The study depicted improvement of neurological disability and other clinical outcomes after the administration of the nonmyeloablative hematopoietic stem cell transplantation (HSCT) on the patients of the study. After undertaking the HSCT, the EDSS score of the patients improved by signifying decrease equal to or greater than 1.0. The study reported that 50 percent and 64 percent of the patients started showing improvements after 2 and 4 years correspondingly. Consequently, the improvements in the EDSS scores of the patients were also marked by respective improvements in the NRS scores and SF-36 scores of the patients.
This was the first relevant improvement in the EDSS scores of patients after any treatment of multiple sclerosis, thus marking the significance of using nonmyeloablative hematopoietic stem cell transplantation to treat MS (Burt et al., 2019). The improvements of the SF-36 scores outlined an increase by 15 points for physical health, 19 points for total health, and 20 points for mental health. The treatment of MS in this cohort of patients did not also portray any aspects of treatment-related mortality or infections, hence, ruling out any risks of the HSCT approach. The outcomes of the study also outline that patient selection is pertinent to the delivery of expected results.
Some of the patients that had secondary-progressive multiple sclerosis did not record any improvements in their EDSS scores, as well as, those who had the disease for over 10 years (Burt et al., 2019). An unfavorable prognostic factor that was realized in the neurological recovery of patients is fever, which depicts a side-effect of the HSCT treatment approach. However, the administration of corticosteroids in the standard of care helps in reducing peritransplant fever that could lead to increased disability years after treatment. The study faced various limitations one of them being the use of patients in one institution, which can result in bias. Consequently, a long-term follow up of the patients, for instance, over 4 years was not possible in the study, and this could affect the findings. The lack of a control group in this observational cohort study could also jeopardize the workability of the HSCT treatment method.
Multiple sclerosis is a chronic illness that affects the central nervous system and has been attributed to the increase in disabilities among the majority of young adults in the world. However, to this date, there is still no FDA-approved medication of this chronic illness. Relapsing-remitting multiple sclerosis, which is an advanced course of MS, is quite severe and could lead to neurological disabilities and other clinical conditions that reduce the quality of life of the patients. This uncontrolled study, however, outlines that the administration of nonmyeloablative hematopoietic stem cell transplantation helps in improving neurological disability for patients of relapsing-remitting multiple sclerosis. The improvements of the NRS scores, SF-36 scores, and MSFC scores of the patients also indicate that the nonmyeloablative hematopoietic stem cell transplantation improves other clinical outcomes of the patients.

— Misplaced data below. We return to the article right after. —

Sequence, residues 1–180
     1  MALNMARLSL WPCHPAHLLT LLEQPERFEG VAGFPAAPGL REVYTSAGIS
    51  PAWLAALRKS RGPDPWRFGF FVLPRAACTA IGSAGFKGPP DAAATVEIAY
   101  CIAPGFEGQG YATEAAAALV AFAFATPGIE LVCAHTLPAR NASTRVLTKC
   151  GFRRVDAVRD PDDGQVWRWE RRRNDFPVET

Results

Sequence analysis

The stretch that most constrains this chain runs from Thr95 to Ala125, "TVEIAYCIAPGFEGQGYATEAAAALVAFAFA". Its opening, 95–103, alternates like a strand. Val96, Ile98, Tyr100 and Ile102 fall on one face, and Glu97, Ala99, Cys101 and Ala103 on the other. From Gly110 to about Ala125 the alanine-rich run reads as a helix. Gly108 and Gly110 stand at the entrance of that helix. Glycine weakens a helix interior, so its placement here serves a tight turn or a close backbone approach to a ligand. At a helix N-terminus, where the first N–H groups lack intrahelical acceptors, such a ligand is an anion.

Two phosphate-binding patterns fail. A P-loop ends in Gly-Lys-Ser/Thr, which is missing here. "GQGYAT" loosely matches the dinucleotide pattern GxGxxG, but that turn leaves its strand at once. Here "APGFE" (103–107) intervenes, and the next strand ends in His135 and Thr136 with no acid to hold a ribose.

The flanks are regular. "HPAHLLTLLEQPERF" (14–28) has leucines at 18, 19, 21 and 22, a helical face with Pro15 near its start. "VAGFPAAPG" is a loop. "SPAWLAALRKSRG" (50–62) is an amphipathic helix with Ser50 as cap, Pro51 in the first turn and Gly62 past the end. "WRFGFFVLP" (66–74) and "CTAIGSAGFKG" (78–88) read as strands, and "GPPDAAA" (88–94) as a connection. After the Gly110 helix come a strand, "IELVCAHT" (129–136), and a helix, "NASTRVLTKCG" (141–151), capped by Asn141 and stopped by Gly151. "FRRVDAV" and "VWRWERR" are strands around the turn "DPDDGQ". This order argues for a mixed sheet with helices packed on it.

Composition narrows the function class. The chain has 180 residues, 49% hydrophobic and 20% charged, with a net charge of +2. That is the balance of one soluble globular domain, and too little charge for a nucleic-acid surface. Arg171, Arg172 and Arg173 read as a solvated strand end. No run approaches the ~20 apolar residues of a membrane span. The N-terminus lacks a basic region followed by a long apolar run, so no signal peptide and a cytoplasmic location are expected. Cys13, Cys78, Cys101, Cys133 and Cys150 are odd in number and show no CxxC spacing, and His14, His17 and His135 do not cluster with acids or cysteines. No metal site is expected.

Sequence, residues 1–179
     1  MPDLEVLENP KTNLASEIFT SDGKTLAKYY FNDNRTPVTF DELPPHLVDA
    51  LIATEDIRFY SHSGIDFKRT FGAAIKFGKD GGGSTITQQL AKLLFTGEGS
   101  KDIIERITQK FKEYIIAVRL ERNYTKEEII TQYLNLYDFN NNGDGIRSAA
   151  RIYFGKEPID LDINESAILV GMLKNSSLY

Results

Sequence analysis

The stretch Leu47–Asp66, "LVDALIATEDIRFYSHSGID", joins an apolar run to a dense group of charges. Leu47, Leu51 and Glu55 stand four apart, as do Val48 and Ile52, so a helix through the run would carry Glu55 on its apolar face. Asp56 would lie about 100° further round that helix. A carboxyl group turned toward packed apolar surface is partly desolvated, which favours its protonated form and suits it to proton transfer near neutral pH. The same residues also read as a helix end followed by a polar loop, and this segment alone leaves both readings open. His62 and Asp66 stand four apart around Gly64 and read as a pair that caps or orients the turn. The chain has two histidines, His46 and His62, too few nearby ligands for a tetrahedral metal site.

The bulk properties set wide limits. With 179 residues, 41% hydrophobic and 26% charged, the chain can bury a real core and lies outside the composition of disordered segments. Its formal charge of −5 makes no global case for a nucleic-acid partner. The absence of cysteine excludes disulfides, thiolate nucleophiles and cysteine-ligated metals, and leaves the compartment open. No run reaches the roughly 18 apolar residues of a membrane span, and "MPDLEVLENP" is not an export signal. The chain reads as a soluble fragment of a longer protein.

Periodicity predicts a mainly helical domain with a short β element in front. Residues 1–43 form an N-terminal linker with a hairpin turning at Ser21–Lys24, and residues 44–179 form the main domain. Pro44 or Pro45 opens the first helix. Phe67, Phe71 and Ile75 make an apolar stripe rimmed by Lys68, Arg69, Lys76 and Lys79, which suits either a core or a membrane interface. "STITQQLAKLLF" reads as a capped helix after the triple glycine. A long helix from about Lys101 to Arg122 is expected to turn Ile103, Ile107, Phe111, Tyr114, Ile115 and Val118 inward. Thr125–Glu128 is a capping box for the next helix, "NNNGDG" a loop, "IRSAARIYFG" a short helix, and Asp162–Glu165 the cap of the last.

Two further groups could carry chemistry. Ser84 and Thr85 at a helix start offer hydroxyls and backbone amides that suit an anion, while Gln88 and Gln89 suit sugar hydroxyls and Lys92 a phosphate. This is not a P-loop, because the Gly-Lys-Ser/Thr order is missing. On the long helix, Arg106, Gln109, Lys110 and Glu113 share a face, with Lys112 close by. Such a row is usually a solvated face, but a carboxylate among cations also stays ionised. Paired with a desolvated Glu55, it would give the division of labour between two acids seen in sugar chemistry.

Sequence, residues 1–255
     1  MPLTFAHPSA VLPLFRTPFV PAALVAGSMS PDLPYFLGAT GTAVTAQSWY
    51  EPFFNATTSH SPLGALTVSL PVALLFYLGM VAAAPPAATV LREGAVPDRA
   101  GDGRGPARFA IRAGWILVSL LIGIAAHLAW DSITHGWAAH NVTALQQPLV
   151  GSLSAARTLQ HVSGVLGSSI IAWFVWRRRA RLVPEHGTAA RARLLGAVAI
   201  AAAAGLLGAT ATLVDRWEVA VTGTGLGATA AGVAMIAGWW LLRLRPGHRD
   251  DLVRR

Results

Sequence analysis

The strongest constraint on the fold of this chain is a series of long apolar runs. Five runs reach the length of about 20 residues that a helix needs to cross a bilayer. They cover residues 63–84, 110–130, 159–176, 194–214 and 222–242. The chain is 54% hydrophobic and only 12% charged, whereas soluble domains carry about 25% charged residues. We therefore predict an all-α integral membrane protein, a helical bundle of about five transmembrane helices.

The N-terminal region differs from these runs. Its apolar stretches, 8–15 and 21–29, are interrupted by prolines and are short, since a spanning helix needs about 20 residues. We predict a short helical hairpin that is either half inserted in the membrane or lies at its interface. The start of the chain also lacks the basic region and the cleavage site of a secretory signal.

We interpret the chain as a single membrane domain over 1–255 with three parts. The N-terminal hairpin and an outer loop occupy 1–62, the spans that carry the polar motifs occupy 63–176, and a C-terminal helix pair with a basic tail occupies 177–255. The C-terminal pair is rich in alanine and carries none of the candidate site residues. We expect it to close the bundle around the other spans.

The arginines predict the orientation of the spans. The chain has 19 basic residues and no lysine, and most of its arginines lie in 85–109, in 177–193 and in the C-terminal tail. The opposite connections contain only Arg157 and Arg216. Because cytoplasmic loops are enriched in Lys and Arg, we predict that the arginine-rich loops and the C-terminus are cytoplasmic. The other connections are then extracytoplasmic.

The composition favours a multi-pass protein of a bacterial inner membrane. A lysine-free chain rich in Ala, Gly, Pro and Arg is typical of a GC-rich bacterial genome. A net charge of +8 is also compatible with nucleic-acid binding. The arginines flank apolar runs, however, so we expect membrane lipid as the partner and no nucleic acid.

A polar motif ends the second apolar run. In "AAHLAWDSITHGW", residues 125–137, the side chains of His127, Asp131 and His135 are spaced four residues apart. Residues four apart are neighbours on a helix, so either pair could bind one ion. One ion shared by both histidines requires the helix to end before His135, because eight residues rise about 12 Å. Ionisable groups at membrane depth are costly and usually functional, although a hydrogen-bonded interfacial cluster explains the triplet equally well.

Burt, R. K., Balabanov, R., Burman, J., Sharrack, B., Snowden, J. A., Oliveira, M. C., ... & Carlson, K. (2019). Effect of nonmyeloablative hematopoietic stem cell transplantation vs continued disease-modifying therapy on disease progression in patients with relapsing- remitting multiple sclerosis: a randomized clinical trial. Jama , 321 (2), 165-174.
Feng, J., Offerman, E., Lin, J., Fisher, E., Planchon, S. M., Sakaie, K., ... & Ontaneda, D. (2019). Exploratory MRI measures after intravenous autologous culture-expanded mesenchymal stem cell transplantation in multiple sclerosis. Multiple Sclerosis Journal–Experimental, Translational and Clinical , 5 (2), 2055217319856035.
Marzullo, A., Kocevar, G., Stamile, C., Durand-Dubief, F., Terracina, G., Calimeri, F., & Sappey-Marinier, D. (2019). Classification of Multiple Sclerosis Clinical Profiles via Graph Convolutional Neural Networks. Frontiers in Neuroscience , 13 .